Pence: ‘Greatest Honor of My Life to Be’ Trump’s VP


Former Vice President Mike Pence said during a speech this week that “it was the greatest honor of my life to be vice president with President Donald Trump,” adding that he “couldn’t be more proud” of their work.

Pence also spoke about his time in office and his Christian faith at Montgomery,  Alabama’s, Faulkner University for the school’s annual benefit dinner on Thursday.

“It was the greatest honor of my life to be vice president with President Donald Trump,” Pence said, according to “And I couldn’t be more proud of all that our administration accomplished.”

He counted among those accomplishments moving the U.S. embassy to Jerusalem, trade deals, and the administration’s judicial appointments, among others.

Pence went on to say that the Capitol riot on January 6th was a “tragic day,” and said that he and Trump talked several days after the violence occurred where they had an amicable meeting. He noted that they have spoken since and that he is focused on the future.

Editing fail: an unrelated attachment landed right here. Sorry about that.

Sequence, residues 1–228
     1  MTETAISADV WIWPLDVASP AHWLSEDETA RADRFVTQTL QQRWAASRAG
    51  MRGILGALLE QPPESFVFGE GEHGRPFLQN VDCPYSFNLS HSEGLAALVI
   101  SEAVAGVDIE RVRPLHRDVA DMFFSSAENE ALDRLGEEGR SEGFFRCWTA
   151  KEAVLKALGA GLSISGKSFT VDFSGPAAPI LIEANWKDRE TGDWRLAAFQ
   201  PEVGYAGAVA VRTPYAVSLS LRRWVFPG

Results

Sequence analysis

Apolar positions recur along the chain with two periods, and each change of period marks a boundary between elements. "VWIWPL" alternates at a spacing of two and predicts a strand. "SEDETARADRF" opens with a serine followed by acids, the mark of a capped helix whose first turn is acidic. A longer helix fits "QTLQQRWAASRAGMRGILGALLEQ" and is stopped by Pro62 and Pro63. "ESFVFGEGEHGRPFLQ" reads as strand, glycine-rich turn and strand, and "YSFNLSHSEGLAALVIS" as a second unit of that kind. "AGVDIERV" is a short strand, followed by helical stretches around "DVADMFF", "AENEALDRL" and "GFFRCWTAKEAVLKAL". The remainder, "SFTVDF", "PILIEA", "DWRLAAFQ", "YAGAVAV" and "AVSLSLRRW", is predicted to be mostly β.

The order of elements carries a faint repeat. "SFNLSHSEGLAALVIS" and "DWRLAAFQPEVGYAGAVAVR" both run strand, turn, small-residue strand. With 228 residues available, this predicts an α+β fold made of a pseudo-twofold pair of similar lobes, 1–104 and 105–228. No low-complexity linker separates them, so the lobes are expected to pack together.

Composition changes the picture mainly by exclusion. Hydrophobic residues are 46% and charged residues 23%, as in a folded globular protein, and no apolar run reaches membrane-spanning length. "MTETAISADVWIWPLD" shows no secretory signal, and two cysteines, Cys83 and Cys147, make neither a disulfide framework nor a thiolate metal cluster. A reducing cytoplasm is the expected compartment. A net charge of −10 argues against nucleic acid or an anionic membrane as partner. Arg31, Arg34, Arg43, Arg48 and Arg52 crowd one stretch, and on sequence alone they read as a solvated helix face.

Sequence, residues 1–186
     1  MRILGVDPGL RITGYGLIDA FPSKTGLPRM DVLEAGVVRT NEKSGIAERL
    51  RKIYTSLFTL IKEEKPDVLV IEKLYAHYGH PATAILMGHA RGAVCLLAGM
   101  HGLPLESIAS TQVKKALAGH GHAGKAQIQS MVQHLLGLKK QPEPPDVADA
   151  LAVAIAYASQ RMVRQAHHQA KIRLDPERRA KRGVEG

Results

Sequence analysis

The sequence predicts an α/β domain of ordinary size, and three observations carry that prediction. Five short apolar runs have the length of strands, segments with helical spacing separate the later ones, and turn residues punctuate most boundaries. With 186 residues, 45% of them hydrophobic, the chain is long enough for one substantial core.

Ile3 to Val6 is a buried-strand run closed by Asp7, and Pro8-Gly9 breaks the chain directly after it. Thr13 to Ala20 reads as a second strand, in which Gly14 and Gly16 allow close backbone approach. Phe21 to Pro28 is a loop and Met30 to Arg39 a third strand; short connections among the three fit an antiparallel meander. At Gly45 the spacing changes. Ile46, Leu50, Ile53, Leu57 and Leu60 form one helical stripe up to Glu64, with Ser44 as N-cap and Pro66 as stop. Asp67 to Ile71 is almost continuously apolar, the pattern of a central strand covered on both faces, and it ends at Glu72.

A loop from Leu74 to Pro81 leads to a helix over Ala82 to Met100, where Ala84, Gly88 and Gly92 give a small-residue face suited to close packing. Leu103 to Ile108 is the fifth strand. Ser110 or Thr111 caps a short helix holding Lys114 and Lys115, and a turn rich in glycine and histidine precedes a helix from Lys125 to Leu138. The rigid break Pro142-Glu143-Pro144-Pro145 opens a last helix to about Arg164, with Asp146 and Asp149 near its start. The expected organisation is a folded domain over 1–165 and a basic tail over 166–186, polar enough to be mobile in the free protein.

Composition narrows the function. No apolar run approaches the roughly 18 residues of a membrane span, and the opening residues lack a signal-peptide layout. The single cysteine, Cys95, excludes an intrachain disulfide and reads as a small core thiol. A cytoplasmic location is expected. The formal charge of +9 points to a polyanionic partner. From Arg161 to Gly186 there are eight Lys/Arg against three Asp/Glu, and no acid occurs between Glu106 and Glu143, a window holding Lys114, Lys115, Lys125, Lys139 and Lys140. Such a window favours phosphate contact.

“I have never been more confident about the future of America because I have faith,” he said.

Pence ended his speech with a story about a time when he was in college and felt something missing was from his life while attending a Christian music festival in 1978.

“I stood up and walked down and accepted Jesus Christ as Lord and personal savior. It changed my life forever and for the better,” he said, adding later that while he was a Democrat as a high school student, he “joined the Reagan revolution after 1980 and never looked back.”

Faulkner University President Michael Williams said the proceeds from the event will go to support scholarships to the school.

“That’s one of our goals, quite frankly, is can we bring a provocative, global voice to Montgomery to really expose our fellow citizens to a world leader,” Williams said.

“So this is a unique opportunity for the university but it’s a unique opportunity for the River Region. And to be honest with you, there are people here from five or six states. A lot of our alums come back. This is kind of a mini-homecoming for them as well, and supporters of the university.”